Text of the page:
Audi says it is pressing forward with the development of piloted driving and has conducted a public test on an expressway in Florida, US.

"Audi already offers a host of powerful driver assistance systems," said Dr. Ulrich Hackenberg, member of the board of management of Audi for technical development. "New systems will follow in the near future where we'll be talking about 'piloted driving.' These will assist drivers when they are overstretched in complex situations or unchallenged in monotonous situations, and thus fail to respond optimally to the traffic on the road. The new piloted driving systems can substantially improve road safety and further increase driving comfort."

The new driver assistance systems that will be used in volume production also include the congestion pilot. In slow-moving traffic up to 60kmph (37.3mph) it relieves the driver of the task of driving while the system automatically accelerates, brakes and steers the vehicle. It reacts cooperatively to other vehicles. Once the traffic jam disperses or the end of the highway has been reached, the driver is prompted to take back control. If the driver fails to respond, the system safely brings the car to a standstill.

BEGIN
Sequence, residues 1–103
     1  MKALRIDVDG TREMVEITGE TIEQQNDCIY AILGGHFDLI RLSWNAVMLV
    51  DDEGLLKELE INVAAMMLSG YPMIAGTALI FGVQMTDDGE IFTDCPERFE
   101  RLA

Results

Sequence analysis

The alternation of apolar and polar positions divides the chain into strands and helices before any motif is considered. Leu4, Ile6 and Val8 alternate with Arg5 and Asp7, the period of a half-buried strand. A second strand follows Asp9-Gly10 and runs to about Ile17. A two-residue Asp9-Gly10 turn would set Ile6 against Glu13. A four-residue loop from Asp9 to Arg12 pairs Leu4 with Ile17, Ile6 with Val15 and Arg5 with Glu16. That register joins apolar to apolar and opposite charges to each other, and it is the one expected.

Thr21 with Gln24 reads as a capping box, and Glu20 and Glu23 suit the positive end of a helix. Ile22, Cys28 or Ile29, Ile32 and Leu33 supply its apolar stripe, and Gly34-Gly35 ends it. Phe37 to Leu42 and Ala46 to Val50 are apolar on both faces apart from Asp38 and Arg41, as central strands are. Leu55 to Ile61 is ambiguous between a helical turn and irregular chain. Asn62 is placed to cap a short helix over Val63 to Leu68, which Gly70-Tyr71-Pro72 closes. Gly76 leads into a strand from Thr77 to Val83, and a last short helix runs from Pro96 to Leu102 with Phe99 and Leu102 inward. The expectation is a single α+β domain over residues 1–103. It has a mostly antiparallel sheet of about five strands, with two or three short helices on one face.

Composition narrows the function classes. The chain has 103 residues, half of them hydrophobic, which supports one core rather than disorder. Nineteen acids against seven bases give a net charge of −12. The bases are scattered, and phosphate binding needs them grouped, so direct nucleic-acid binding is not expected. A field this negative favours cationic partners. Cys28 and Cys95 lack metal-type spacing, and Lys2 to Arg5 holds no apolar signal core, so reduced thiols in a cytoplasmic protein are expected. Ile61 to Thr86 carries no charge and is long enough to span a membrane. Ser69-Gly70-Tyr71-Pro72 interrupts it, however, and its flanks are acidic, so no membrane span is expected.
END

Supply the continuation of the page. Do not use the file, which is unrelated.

The public trial in Florida during which Audi presented the congestion pilot was held on a stretch of the Lee Roy Selmon Expressway near Tampa. This makes Audi the world's first carmaker to drive with a piloted car on a public road in Florida.

Twenty-two sensors, including an innovative laser scanner, are active in the test car, an Audi A7 Sportback. The central driver assistance control unit (zFAS) processes the data recorded with the sensors. This high-performance unit continually builds up a complete picture of the vehicle surroundings using the sensor data. Thanks to its power and compact dimensions - comparable to a tablet computer - the zFAS represents an important step on the way to the volume-production launch of the congestion pilot.